The series of two-part self-contradictions lets you know that this tale is about that exquisite, complex, aching human feeling that happens when more than one thing is true at the same time. This line isn’t trying to be funny but instead uses the structure of a joke to deliver the poignancy of truth. This is a great opening line.

And, yet mostly, we only remember the first bit “It was the best of times, it was the worst of times” —and maybe that’s enough.

We start with “uneasy dreams” as the set-up only to get the payoff that he is indeed an actual insect. It’s not a dream. It really happened. Set-up, payoff. Beautifully done.

This example gives us the set-up & punchline structure most directly; there is even a semicolon in the middle to guide us. The sentence works because it is true, sad, and funny all at once. It also makes it clear the story we are about to read will describe to us an unhappy family and are agreeing to this from the beginning. We might look for moments of happiness where we can find them, but we know the sad work ahead from the beginning. And… it makes us wonder… exactly how are they unhappy?

What an opening! A joke, yes, but also a whole story in one line. The character goes on to both be very bad and to find redemption, salvation, and forgiveness. The “almost” in “almost deserved it” fits us all. We all almost deserve the bad things that happen because of the bad things we’ve done, but secretly we also all hope and strive for a happier ending.

The sentence starts out normally, then turns upside-down. It tells us right away that this world is different from the one we know — but only slightly. It makes us curious. It makes us wonder what else will be different and what it will mean. It also hints at the total authoritarian control (not just one clock, but the clocks) and the re-ordering of something that seems like it was already ordered (time).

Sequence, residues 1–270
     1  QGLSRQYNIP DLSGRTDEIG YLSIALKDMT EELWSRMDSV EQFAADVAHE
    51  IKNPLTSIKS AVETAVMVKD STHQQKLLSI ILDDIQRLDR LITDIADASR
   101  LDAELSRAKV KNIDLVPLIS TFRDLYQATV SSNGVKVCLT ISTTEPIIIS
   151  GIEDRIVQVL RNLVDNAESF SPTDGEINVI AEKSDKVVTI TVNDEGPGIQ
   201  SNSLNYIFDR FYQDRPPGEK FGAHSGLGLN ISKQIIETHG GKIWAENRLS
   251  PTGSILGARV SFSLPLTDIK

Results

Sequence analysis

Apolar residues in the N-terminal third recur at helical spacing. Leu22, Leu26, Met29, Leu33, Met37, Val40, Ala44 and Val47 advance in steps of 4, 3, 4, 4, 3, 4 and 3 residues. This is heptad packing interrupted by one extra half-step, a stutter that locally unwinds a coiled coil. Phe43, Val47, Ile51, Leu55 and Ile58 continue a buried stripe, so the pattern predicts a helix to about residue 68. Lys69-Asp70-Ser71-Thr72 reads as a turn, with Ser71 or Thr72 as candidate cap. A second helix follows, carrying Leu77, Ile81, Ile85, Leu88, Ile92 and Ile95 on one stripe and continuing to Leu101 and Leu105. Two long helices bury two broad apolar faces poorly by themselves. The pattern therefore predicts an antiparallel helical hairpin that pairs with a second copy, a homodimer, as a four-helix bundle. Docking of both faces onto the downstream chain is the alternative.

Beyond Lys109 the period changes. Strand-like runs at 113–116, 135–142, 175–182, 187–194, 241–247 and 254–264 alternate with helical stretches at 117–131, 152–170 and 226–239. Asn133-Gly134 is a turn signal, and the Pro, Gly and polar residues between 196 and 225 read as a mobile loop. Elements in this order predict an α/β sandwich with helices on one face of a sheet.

This killer first sentence uses the structure of a joke with a double payoff. We start off talking about summer, then get the jolt of “electrocuted” and then instead of coping with that horrific phrase, we then switch to the solipsism of personal reflection. This is a lub-dub-dub. And it’s first-rate.

In an inverse of the classic lub-dub structure, where a seemingly normal day takes an unexpected turn, this sentence starts out horrific and ends up quite normal, almost sweet. And this initial creative act holds us for a moment and makes us wonder what else is coming our way. Also—why?—why would he think of this specific memory at that moment?

Technique 3: “Telempathy”

Telempathy is a made-up portmanteau word-sandwich of a concept that combines telepathy with empathy. The idea is to transmit a feeling to another person’s brain, not merely a message, and have them begin to investigate how they really feel.

Start with an emotion, but make us wonder how we should really feel, how we should receive it. Destabilize us with our own inner sense of morality and yet keep us curious. We know we are starting to feel something, but aren’t quite sure what that feeling is…

This is the hardest style of opening line to write, but do it well and you will haunt a reader’s consciousness for a lifetime.